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What Is Functional Programming? Part 4, Linq


If you are new to this series, start here.

Before I move on to the two remaining items on my list (pattern matching and memoization), I’d like to take a brief excursion and talk about about Linq in C#. I never said it explicitly, but I have been writing this series for C# developers. I do plan to show you more F#, but while reading the aforementioned Real World Functional Programming I found it very helpful to first learn these concepts in a familiar language.

Linq is Functional

You might have heard it mentioned that Linq was born from the influence of functional languages. Let’s take a moment and connect some dots.

It the last post, I gave you a functional version of our Reduce function. However, both the imperative version and the functional version were tied to working just with integers.

Now you might have notice that these specific implementations can be abstracted into the concept of reducing a list of items of a certain type to a single item of the same time.

Starting with our imperative version, we just need to replace all of the ints with a generic type parameter:

// generic imperative version
static T Reduce<T>(Func<T, T, T> reducer, IEnumerable<T> values)

T accum = default(T);
foreach (var i in values)
    accum = reducer(accum, i);
return accum;

Well, we’d also have to initialize the accum variable a bit differently.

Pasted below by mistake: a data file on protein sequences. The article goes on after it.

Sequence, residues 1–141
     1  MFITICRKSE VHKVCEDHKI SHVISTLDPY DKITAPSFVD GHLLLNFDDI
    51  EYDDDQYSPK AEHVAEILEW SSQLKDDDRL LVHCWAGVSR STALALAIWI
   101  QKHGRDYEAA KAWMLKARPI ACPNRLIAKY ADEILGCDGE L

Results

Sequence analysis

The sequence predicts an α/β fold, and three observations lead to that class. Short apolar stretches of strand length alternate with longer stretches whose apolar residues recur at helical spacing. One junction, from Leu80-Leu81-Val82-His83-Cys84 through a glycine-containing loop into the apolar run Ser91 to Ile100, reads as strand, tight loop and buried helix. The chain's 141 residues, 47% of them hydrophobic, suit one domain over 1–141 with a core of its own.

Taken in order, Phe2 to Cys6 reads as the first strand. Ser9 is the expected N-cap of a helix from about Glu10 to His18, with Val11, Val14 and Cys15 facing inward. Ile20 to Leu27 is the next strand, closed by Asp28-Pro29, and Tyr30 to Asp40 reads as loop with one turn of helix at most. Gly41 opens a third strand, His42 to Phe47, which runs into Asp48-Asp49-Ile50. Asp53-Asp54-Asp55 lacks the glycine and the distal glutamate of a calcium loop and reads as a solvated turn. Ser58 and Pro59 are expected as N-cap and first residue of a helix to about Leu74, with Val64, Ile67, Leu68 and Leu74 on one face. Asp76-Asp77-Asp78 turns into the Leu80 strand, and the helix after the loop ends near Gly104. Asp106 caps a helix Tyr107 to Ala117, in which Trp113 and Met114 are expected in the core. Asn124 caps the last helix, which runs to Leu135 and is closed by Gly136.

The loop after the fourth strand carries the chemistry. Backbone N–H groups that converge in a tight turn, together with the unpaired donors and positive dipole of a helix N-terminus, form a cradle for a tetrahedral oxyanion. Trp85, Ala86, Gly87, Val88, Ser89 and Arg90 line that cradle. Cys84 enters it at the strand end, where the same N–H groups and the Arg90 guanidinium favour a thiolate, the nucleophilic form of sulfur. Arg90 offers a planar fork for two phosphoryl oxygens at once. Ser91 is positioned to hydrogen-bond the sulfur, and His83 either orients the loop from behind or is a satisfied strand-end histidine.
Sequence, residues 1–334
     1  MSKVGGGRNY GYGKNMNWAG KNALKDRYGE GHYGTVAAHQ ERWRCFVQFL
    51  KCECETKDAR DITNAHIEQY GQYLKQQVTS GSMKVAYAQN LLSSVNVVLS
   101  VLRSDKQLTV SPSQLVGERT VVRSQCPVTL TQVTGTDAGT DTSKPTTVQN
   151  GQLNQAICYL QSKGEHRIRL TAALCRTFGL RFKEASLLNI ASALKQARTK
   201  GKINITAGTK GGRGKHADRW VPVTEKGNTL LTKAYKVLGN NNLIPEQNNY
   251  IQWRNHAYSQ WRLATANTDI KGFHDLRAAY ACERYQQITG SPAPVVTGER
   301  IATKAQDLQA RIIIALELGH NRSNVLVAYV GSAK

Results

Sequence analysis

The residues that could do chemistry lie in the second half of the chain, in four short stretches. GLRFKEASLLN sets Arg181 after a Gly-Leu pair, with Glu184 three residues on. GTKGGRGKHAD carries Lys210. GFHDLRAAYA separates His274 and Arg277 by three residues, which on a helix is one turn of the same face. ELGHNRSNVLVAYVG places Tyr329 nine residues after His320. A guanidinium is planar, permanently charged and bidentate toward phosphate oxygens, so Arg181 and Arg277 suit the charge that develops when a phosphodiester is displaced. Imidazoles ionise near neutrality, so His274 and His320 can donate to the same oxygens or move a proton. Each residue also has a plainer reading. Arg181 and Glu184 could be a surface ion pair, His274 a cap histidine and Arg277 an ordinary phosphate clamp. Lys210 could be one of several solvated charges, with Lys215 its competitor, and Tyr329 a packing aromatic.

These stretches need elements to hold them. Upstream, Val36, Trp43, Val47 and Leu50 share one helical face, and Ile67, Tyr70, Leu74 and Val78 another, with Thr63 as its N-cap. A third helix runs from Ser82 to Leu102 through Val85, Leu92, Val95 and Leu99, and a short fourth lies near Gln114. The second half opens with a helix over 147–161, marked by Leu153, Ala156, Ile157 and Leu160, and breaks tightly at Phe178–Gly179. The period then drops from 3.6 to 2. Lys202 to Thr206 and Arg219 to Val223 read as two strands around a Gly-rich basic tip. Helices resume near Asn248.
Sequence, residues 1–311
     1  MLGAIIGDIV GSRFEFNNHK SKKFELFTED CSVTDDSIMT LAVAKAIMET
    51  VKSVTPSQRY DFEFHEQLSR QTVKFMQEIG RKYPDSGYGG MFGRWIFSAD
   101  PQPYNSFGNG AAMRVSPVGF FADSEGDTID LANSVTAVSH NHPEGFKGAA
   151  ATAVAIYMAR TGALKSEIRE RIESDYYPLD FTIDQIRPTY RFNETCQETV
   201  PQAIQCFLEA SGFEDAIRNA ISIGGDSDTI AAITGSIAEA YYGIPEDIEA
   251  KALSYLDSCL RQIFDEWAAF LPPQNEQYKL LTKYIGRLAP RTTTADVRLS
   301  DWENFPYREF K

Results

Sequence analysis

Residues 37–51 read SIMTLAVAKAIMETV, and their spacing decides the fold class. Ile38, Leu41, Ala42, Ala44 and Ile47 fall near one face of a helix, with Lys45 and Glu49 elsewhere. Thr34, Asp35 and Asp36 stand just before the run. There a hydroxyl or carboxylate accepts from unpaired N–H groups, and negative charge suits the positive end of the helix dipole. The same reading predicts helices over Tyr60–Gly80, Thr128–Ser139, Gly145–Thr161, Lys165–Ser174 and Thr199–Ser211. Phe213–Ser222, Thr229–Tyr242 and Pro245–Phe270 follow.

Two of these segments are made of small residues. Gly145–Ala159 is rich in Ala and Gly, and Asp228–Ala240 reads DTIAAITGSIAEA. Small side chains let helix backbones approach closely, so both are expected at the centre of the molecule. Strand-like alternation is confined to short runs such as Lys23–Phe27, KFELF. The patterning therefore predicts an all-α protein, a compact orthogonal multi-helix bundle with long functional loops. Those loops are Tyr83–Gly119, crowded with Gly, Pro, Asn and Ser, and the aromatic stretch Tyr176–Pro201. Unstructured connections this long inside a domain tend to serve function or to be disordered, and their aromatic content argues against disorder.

A generic version of the functional one is

static T ReduceF<T>(Func<T, T, T> reducer, IEnumerable<T> values, T seed)
    if (!values.Any()) return seed;

    var first = values.First();
    var remainder = values.Skip(1);
    var next = reducer(seed, first);

    return ReduceF(reducer, remainder, next);

or even better

static T ReduceF(Func<T, T, T> reducer, IEnumerable<T> values, T seed)   
    return values.Any()    
        ? ReduceF(reducer, values.Skip(1), reducer(seed, values.First()))    
        : seed;   

Now, in C# would could save even more typing by implementing our Reduce using Linq

static T ReduceLinq<T>(Func<T, T, T> reducer, IEnumerable<T> values)
    return values.Aggregate(default(T), reducer);

Of course, after we do, we realize that our Reduce function is the same as the Aggregate extension method that already exists in Linq!

You see, if you are using Linq then you are already utilizing functional language concepts.

N.B. The implementations of ReduceF are not something that you’d want to use in practice. Even though I followed a tail call style for the recursion, you’d still end up with a stack overflow in C#.

Removing the Extra Parameter

Of course, the functional version ReduceF still has that extra parameter that we named seed. We’d like to get rid of that.

The approach that I have frequently seen, is to wrap the recursion function in another function that provides the initial state. In other words, we’d leave ReduceF as it is (though we’d likely make it private) and then we’d add a new function that looked like this:

static T ReducePublic<T>(Func<T, T, T> reducer, IEnumerable<T> values)
    return ReduceF<T>(reducer, values, default(T));

Update: there is some good discussion about removing the extra parameter in the comments of part 3. As mentioned there, the primary reason for doing it this way is an academic desire to preserve the tail call form.

In our next post, we’ll start digging a little deeper into F#.


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